Outdoor skating rinks threatened by climate change
A new study suggests Canada's favourite pastime is on its way to being an indoor-only sport in some areas of the country.
The study, released Monday by United Kingdom-based IOP Publishing, says outdoor ice hockey in Canada is being threatened by climate change.
Lawrence Mysak, co-author of the report and a professor at Montreal's McGill University, says a warmer winter caused by climate change is restricting outdoor ice rinks from operating.
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Mysak fears the gradual warming of the Earth caused by burning fossil fuels could eventually cause the beloved outdoor activity to perish in several decades.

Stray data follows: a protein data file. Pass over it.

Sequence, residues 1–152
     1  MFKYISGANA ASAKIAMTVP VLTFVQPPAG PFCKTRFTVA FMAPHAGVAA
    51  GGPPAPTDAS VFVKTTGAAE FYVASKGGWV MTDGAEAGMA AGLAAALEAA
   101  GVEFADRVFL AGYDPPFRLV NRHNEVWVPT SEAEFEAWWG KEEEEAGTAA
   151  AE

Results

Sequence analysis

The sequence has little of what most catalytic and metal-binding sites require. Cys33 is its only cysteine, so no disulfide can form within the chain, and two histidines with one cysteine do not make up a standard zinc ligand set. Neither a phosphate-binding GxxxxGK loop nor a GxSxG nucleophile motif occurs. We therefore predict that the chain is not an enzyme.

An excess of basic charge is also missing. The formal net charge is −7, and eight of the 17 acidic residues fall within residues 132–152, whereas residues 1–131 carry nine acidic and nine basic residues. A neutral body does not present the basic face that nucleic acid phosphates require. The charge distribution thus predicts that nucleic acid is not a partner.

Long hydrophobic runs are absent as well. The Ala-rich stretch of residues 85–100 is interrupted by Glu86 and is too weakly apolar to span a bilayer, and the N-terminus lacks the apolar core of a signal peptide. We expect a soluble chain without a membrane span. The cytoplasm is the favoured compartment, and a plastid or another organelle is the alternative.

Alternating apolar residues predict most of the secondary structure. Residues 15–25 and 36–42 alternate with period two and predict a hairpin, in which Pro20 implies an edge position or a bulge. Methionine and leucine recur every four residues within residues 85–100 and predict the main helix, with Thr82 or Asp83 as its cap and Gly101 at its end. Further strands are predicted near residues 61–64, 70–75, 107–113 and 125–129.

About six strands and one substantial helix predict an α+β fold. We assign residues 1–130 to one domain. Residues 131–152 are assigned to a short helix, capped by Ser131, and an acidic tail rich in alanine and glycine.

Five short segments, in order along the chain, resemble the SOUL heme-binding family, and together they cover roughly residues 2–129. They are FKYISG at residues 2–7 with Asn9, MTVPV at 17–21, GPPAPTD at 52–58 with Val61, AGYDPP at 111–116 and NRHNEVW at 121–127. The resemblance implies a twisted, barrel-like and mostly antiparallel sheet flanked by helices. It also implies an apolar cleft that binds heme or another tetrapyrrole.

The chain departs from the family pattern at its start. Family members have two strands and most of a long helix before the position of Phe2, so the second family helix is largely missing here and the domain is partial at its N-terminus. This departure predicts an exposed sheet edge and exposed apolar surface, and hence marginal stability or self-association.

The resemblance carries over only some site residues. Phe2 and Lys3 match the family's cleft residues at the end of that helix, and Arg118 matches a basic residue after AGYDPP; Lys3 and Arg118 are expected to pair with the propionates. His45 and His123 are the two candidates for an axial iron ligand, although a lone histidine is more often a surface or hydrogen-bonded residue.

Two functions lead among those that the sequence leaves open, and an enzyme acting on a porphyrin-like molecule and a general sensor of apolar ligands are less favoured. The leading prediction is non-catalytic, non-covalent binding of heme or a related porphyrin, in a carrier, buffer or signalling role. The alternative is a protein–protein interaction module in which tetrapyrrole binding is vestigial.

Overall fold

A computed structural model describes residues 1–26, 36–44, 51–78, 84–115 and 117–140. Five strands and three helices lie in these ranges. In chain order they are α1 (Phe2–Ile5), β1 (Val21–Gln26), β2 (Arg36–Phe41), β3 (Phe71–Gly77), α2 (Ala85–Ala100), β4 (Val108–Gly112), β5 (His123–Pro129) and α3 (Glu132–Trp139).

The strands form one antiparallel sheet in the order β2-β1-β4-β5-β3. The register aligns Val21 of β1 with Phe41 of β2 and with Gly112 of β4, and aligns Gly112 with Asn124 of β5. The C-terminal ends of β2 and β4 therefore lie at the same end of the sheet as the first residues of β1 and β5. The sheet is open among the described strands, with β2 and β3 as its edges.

Regions that are being hit the hardest are the Prairies, southeastern British Columbia and southern Ontario and Quebec.
Mysak said the Maritimes and northern parts of the country did not see significant changes.
Using historical data from more than 140 weather stations across Canada since the 1950s, the researchers calculated the annual start date and length of the outdoor skating season.
They then looked at how many days in January and February were cold enough to skate on backyard or community rinks built on the ground or snow.